Sunday, November 30, 2008

Kenosha, WI to Implement Public Panopticon?

Kenosha Police Chief John Morrissey is requesting $500,000 in public funding to obtain and install up to 28 public cameras to be placed in "high crime" areas.

Twenty-eight cameras will be considered Wednesday by the City Council as part of the 2009-13 Capital Improvement Plan. Police are requesting $500,000, spread over 2009-10, to buy cameras.

While some are concerned the plan moves into “Big Brother”-like intrusion, Police Chief John Morrissey disagreed, noting the well-marked cameras will be in public areas.

“If you’re in a public place ... I’m all for it,” Morrissey said. “If I’m doing something wrong, then shame on me. But if something happens to me, I hope there’s something out there that will assist the police in figuring out what happened to me, or anybody else. I don’t have any problem with them as long as they’re in public places.”

Many aldermen agree.

Of course many alderman agree, I know these people. These are the guys that got a 2500 foot mandatory distance on sex offenders from schools, and other places that might have children, officially keeping them from within city boundaries completely. These are the guys that wanted a public smoking ban including in bars and homes. Now they want to make sure they can "check up" on us to make sure we aren't doing anything wrong.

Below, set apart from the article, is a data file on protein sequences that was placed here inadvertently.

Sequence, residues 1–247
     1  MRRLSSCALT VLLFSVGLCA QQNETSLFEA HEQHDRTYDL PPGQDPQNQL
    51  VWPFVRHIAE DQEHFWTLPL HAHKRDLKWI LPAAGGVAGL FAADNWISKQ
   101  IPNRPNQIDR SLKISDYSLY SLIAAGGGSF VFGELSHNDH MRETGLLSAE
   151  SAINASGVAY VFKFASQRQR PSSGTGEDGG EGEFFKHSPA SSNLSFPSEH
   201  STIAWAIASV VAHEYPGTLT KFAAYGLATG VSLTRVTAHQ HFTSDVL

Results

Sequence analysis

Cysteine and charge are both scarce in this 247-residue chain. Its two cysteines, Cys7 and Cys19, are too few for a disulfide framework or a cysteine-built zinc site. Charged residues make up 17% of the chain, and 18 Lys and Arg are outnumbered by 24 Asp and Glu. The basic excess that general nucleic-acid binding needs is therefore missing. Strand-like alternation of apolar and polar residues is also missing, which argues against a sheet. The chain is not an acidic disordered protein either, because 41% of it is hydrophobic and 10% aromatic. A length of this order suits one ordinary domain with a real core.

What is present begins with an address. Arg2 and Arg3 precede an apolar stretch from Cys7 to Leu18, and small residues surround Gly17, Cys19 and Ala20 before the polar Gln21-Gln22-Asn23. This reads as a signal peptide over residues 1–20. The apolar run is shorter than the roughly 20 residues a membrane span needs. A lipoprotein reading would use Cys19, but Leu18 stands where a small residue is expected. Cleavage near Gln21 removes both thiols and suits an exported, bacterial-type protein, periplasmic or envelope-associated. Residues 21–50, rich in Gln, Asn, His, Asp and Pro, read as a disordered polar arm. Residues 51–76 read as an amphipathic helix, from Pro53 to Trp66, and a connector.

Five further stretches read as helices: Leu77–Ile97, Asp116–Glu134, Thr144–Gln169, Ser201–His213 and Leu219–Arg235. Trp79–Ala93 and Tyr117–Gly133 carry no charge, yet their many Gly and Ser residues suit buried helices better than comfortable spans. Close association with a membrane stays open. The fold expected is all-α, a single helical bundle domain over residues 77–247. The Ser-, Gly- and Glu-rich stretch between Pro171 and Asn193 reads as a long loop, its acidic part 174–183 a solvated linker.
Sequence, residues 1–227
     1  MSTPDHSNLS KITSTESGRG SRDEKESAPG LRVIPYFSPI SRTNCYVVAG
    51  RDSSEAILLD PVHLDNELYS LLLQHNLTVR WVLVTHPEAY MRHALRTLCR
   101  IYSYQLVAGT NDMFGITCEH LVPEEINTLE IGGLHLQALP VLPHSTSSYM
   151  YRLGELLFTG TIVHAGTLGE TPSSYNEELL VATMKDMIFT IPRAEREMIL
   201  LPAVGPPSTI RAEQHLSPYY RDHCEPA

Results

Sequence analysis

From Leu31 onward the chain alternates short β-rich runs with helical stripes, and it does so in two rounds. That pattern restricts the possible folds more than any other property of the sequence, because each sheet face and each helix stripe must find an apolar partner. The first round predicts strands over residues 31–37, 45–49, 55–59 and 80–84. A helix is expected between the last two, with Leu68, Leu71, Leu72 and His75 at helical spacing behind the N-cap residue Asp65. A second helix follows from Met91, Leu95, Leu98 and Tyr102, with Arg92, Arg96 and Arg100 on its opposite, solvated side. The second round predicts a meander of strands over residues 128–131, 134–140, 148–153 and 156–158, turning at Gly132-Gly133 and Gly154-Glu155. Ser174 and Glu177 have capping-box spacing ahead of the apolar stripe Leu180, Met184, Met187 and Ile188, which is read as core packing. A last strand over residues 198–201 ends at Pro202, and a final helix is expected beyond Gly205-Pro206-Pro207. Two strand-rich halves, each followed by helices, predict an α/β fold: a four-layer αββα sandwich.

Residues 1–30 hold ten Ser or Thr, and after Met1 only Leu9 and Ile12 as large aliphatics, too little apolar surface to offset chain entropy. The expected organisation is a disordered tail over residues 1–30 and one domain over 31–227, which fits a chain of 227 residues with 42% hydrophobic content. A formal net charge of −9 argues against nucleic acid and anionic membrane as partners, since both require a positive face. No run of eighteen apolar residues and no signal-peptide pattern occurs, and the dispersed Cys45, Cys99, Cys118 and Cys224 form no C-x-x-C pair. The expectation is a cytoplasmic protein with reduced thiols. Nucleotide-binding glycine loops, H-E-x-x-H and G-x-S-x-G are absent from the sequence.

Though locations are still being determined, Morrissey said he would like permanent cameras at some troublesome spots — such as the downtown bus transfer station — while the other cameras will be movable.

My poor ass uses that bus station all the time to get to class and back home or use the gym, or whatever else. Never have I seen criminal activity. The notion that it is a dangerous place in need of monitoring is absolutely false and ludicrous.

Exhibit A

Terry Rose, a county supervisor and local attorney, believes the plan amounts to government spying.


“This concept of ‘Big Brother is watching’ is something that every generation has fought to oppose, and we need to oppose it as well,” Rose said. “That type of concept smacks too much of the authoritarian, totalitarian way of thinking as opposed to what we cherish. Every time constitutional rights are deprived of people or limited, we give up a certain part of our American heritage, and I’m not willing to do that.”


“One can always use the argument, ‘If people are complying with the law, they have nothing to worry about,’” Rose said. “But as we’ve learned in the last eight years, people’s rights can be shortchanged by a theory that is in the best interest of the general public.”


Morrissey said the cameras could help investigate allegations of officer abuse.

“If this suspect comes in and tells me the cops beat me, well guess what? I’m watching the whole thing here,” Morrissey said. “There’s benefits to that too. It’s not just the public that’s under eye; my cops are under eye.”

Because, you know, the cops won't know where the cameras are, so they can't just go to another location to do the beating. Besides, I doubt that suspect's safety is the first thing on their minds.

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